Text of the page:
Why the MacBook Air didn't get a Retina display
A MacBook Air with a Retina display seems like a no-brainer. Not so, says a display analyst.
Love that battery life in the new MacBook Air? Well, that's one reason Apple didn't go Retina this time around, according to an analyst.
The iPhone, the iPad, and the MacBook Pro all have Retina displays, why not the MacBook Air? Power consumption is probably the most important factor, according to Sweta Dash, senior director of display research & strategy at IHS.
"Apple almost doubled the battery life [with the new MacBook Air]. You can't do that with a Retina display" in an ultrathin laptop like the Air, she said.
Not at the moment at least. Dash said Sharp was recently showing an 11.6-inch Retina-class screen at a display conference but that volume production won't happen for a while yet. One Retina-class panel Sharp has disclosed sports a resolution of 2,560x1,440, according to Dash. That's roughly twice the pixel density of the 1,366x768 display in the current 11.6-inch MBA.
To achieve that kind of resolution without running down the battery too quickly, the Japanese company is using a technology called IGZO.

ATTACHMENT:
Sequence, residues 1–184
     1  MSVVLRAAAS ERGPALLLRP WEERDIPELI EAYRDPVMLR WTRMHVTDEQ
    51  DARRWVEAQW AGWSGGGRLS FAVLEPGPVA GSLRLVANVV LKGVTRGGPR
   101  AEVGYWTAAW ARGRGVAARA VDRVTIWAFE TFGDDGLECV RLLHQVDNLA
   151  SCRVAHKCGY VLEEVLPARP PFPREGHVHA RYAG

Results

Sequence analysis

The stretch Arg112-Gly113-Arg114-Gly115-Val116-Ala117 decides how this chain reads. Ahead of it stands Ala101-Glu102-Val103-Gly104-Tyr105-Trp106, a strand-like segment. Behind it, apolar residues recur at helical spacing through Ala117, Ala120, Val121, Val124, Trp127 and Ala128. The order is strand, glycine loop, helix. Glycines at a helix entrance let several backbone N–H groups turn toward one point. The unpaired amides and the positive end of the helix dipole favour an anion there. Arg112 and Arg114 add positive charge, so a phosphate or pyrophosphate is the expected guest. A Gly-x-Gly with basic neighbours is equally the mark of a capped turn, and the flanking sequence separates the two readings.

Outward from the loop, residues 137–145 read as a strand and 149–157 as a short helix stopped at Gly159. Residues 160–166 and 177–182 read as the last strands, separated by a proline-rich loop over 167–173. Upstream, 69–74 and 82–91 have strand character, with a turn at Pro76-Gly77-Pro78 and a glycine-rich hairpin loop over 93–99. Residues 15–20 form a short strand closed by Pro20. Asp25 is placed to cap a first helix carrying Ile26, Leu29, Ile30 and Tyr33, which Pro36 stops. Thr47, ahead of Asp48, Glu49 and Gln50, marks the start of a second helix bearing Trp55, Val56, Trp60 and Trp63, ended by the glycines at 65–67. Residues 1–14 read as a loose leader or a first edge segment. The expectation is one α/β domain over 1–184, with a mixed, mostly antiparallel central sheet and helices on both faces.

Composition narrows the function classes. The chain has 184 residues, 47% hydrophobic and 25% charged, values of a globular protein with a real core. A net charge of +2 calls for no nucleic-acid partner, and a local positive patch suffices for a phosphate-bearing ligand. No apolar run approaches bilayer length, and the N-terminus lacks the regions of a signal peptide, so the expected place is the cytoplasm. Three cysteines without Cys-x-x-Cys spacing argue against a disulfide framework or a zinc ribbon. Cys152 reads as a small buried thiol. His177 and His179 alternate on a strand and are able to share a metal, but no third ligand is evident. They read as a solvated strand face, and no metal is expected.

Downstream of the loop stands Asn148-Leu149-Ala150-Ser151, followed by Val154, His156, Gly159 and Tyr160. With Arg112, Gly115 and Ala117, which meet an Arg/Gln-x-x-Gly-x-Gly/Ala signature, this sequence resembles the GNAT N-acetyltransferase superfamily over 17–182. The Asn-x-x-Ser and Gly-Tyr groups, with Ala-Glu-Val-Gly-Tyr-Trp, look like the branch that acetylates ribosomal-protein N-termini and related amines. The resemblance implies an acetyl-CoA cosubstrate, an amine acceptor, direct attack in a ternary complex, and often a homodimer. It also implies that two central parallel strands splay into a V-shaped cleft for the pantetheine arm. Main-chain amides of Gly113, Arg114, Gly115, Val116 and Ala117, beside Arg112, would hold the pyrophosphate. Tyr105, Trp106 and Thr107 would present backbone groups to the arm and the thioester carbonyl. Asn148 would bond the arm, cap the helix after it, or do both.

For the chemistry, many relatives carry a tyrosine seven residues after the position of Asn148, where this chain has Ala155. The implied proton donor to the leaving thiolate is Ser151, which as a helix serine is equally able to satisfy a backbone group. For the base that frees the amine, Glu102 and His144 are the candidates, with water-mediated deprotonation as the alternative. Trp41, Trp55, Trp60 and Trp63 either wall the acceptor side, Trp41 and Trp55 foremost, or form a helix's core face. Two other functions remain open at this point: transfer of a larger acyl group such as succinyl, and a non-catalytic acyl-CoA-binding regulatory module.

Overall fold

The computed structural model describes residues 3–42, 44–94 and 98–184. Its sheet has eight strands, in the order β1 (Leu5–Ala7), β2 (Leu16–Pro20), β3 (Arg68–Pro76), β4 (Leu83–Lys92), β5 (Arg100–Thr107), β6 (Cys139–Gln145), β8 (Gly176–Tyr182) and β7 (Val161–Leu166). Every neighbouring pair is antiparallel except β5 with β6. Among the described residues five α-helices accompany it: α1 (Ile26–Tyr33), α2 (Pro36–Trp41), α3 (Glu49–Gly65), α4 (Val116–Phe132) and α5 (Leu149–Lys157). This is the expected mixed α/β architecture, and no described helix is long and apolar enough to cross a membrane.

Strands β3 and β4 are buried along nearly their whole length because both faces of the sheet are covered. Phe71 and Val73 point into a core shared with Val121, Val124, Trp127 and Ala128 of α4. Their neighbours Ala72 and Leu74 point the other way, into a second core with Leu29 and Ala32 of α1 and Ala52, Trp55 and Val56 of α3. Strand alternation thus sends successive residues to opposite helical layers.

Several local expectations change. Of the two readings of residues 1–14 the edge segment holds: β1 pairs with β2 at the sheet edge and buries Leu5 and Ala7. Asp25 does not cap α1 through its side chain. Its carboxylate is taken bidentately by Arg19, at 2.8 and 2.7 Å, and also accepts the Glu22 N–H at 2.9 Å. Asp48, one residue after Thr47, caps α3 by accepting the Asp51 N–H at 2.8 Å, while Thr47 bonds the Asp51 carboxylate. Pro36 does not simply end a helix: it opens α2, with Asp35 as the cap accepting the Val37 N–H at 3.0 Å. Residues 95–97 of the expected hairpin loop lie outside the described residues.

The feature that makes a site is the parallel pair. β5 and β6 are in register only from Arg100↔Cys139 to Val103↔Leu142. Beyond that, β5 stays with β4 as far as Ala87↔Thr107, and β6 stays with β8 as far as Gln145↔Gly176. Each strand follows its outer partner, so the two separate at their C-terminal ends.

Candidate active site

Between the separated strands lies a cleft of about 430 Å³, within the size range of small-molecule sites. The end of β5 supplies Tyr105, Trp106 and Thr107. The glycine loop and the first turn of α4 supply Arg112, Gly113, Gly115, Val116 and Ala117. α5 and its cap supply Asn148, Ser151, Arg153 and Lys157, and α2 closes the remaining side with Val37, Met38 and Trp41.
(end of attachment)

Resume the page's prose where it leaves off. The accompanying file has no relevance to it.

"[This technology] has the potential to bring high-resolution displays with low power consumption to the industry. Sharp is the first one doing it. LG, Samsung are trying to do it," she said.
But because the technology is still being perfected it will take time to bring production costs down, she said. And that's important for Apple, she said. Costs need to come down enough so Apple could use the display in a MacBook Air-class product without jacking up the price too much.
And remember: though Apple squeezed a Retina display into the 9.7-inch iPad, it had to bump up the thickness, weight, and battery size to do this. For larger displays, all of these factors become even more of a challenge.
So, when could Apple potentially bring out a MacBook Air-like laptop with a Retina display that won't impact battery life too much or break the bank? Sharp is scheduled to start production in June. But because high-volume (low-cost) production won't necessarily happen right away, Dash estimates that late this year maybe the earliest this could happen.